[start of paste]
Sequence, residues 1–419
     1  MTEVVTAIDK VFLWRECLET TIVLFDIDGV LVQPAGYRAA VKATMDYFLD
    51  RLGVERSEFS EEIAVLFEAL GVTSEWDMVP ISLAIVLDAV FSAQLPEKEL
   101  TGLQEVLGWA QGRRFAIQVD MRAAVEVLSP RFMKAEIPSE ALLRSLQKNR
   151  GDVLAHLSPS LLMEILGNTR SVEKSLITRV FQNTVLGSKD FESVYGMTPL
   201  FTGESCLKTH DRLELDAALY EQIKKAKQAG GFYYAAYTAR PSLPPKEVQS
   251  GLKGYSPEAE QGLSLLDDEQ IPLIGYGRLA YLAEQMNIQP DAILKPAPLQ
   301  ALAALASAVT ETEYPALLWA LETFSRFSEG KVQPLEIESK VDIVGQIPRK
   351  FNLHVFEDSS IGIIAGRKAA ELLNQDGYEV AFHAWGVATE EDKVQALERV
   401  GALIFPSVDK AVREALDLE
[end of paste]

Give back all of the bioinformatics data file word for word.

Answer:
Sequence, residues 1–419
     1  MTEVVTAIDK VFLWRECLET TIVLFDIDGV LVQPAGYRAA VKATMDYFLD
    51  RLGVERSEFS EEIAVLFEAL GVTSEWDMVP ISLAIVLDAV FSAQLPEKEL
   101  TGLQEVLGWA QGRRFAIQVD MRAAVEVLSP RFMKAEIPSE ALLRSLQKNR
   151  GDVLAHLSPS LLMEILGNTR SVEKSLITRV FQNTVLGSKD FESVYGMTPL
   201  FTGESCLKTH DRLELDAALY EQIKKAKQAG GFYYAAYTAR PSLPPKEVQS
   251  GLKGYSPEAE QGLSLLDDEQ IPLIGYGRLA YLAEQMNIQP DAILKPAPLQ
   301  ALAALASAVT ETEYPALLWA LETFSRFSEG KVQPLEIESK VDIVGQIPRK
   351  FNLHVFEDSS IGIIAGRKAA ELLNQDGYEV AFHAWGVATE EDKVQALERV
   401  GALIFPSVDK AVREALDLE